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Live Reporting

By Chris Bevan

All times stated are UK

  1. Goodbye

    I don't think anyone will be watching that stage again, but you lot did come up with some brilliant food-and-drink inspired rider puns so it was far from a wasted day.

    And we did get a dramatic sprint finish too, of course. You can read all about Dylan Groenewegen's stage seven victory in our report, which is building here.

    And you can also keep in touch with all the major talking pioints from today's stage on the BeSpoke podcast. You can listen to that here.

    Saturday's stage eight sees the race return to the hills so should be fun... hope you enjoy that one too.

  2. An exciting finish

    Let's be honest, it has been a boring day... but after more than six hours of racing - if you can call it racing - we got an exciting finish.

    Dylan Groenewegen came from a long way back to fight his way through to finish first - timing his lunge for the line perfectly.

  3. Yates is right again

    Another correct pick by Adam Yates in his BBC stage-by-stage guide.

    It's also Dylan Groenewegen's first stage win at this year's Tour. The Dutchman won two stages in 2018.

  4. Groenewegen gets the stage win

    Peter Sagan launched himself towards the line too, but Groenewegen got their first... just pipping Caleb Ewan.

  5. Ewan or Groenewegen?

    Caleb Ewan thought he won it too... no-one can celebrate properly yet.

  6. Who won?

    Dylan Groenewegen has his arms in the air... he's not the only one though.

  7. Post update

    Elia Vivani is up here too, and is in pole position...

  8. Post update

    Jumbo-Visma are still on the front... now here comes Daniel Oss to lead out Peter Sagan.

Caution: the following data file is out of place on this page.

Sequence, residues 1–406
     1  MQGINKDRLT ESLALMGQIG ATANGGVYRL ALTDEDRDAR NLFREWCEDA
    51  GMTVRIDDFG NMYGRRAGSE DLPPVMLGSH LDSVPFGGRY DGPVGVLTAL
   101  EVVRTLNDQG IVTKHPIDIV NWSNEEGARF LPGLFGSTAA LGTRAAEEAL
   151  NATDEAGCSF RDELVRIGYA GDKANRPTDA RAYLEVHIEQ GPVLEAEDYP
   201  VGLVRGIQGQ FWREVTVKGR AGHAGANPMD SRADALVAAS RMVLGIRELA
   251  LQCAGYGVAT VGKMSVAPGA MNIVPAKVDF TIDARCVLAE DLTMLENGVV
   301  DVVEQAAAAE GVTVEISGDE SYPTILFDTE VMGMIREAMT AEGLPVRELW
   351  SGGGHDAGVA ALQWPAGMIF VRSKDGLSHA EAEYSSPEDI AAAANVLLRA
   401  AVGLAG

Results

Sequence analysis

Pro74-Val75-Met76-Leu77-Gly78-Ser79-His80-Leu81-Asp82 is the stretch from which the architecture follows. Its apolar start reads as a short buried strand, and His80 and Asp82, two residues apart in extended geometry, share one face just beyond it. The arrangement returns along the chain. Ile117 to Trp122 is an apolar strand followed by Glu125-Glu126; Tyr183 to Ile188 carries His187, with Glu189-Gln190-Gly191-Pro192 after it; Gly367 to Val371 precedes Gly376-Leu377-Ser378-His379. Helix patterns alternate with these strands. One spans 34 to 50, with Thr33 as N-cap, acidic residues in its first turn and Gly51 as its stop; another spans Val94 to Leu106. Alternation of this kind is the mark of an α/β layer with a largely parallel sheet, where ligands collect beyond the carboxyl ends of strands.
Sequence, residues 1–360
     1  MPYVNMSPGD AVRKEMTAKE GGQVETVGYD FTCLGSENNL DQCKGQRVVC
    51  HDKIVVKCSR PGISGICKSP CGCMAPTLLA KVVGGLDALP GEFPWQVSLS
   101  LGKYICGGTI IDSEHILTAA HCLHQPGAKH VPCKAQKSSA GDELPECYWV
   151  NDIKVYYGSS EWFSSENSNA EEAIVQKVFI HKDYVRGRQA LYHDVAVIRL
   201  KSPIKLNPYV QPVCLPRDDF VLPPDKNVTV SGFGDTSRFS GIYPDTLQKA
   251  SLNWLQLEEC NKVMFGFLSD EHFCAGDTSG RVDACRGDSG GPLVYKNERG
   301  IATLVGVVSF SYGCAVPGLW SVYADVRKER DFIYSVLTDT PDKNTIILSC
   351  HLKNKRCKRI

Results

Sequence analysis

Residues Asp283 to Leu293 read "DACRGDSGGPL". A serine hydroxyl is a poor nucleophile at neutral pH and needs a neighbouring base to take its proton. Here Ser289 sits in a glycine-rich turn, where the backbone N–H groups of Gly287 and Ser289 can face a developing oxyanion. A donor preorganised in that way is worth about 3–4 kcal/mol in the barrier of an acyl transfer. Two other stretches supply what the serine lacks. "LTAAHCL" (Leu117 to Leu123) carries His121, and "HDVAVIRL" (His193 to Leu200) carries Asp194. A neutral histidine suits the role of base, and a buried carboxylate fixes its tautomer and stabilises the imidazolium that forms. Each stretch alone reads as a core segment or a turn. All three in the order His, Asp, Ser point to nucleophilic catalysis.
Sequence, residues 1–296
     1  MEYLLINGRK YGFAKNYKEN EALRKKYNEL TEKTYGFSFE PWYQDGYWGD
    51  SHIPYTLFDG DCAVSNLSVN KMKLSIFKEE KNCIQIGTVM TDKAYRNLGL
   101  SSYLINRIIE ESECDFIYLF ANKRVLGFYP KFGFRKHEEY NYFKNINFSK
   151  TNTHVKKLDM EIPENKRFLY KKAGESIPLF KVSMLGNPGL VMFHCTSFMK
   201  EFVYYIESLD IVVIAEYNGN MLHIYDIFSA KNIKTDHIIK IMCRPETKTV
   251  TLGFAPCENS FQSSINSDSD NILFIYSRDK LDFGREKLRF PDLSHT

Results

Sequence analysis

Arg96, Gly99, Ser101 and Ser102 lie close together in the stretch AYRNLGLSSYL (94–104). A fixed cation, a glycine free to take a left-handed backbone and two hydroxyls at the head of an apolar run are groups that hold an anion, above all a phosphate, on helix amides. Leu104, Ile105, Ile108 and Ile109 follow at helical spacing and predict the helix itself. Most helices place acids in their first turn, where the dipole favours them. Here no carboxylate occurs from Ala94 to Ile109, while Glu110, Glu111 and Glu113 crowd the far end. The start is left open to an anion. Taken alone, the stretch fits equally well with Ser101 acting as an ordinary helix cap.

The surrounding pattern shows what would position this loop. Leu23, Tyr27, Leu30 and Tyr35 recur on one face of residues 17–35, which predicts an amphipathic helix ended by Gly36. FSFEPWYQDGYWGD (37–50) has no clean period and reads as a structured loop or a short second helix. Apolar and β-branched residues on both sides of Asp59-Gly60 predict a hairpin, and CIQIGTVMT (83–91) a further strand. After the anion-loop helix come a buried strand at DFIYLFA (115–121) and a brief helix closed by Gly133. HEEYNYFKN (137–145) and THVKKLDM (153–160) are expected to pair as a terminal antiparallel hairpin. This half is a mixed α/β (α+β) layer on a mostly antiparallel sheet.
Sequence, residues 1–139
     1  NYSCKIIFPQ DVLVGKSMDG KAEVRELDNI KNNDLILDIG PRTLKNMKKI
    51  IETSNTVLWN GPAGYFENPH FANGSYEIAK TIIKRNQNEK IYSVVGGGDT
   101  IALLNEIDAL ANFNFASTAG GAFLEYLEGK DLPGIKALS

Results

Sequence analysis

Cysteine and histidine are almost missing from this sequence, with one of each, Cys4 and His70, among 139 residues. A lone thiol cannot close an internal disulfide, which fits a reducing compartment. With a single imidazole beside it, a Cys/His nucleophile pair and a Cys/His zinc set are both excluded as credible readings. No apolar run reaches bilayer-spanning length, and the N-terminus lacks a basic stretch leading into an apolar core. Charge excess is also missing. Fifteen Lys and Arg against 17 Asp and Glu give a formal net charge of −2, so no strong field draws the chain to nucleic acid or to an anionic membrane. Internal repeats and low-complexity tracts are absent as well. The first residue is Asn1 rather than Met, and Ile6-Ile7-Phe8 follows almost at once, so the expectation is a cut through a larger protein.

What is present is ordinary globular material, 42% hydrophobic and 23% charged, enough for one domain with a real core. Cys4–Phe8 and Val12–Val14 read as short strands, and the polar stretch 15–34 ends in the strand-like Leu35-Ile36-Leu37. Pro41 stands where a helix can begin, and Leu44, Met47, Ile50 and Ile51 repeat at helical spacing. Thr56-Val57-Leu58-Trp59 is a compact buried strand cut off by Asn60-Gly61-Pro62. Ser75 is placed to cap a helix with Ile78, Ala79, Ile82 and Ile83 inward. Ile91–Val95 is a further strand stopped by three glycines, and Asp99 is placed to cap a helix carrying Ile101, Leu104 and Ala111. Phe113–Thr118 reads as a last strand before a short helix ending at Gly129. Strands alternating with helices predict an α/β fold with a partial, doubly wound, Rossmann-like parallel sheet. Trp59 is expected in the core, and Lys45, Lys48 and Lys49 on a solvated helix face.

9. Van Aert leads the way

    Wout Van Aert is setting the pace at the moment... this is part of the Jumbo–Visma plan to deliver Dylan Groenewegen to a stage win

  10. The waiting game

    Thibault Pinot and his Groupama–FDJ team-mates take their turn at the front, for the same reasons Ineos were up there.

    The sprinters' teams are sitting back, waiting for the right moment.

  11. Thomas looks to stay safe

    Geraint Thomas and the rest of the big-hitters are all safe in this main group, along with the man in the race leader's yellow jersey - Italy's Giulio Ciccone.

    They are just looking to stay out of trouble, and Team Ineos are doing that by taking over at the very front of the race.

  12. Post update

    Dylan Groenewegen's Jumbo-Visma train is at the front of the peloton. He has got four men with him, as he tries to win his first stage of this year's Tour.

    Peter Sagan and Bora-Hansgrohe are the next team to show themselves.

  13. Post update

    Stephane Rossetto gives up the ghost but Yoann Offredo is still trying to stay clear... he lasts for a few seconds longer before being swallowed up by the pack.

  14. The end is nigh

    Stephane Rossetto and Yoann Offredo pedal away at the front of the race, getting their sponsors some TV coverage, but the end is near... the gap is inside 10 seconds now.

  15. Who is in the mix?

    It's been a long day but the finish is going to be fun. Alexander Kristoff, Dylan Groenewegen, Elia Vivani and Caleb Ewan should figure in the dash for the line. Peter Sagan will be up there too, and Michael Matthews.

  16. Waiting to strike...

    The sprinters' teams are massing at the front of the peloton and jostling for position, but they continue to wait to hoover up the escapees.

    Who will make the first move?

  17. Post update

    Stephane Rossetto of Cofidis and Yoann Offredo of Wanty-Groupe Gobert have now been clear for 210km and five hours and 40 minutes. Their lead is still hovering around the 20-second mark, and the peloton is still massed behind them, waiting to make their move.

  18. Sagan for another stage win?

    Peter Sagan's Bora-Hansgrohe team have massed near the front of the peloton. Sagan won stage five in style... but none of the pure sprinters were around to contest that one.

  19. Quintana had a comfort break

    Apparently Quintana had stopped for a comfort break... just as the pace went up at the front of the peloton. Bad timing, that.

    Things have calmed down a bit of late and the front two are still 20-odd seconds clear. A cross headwind has slowed everyone down.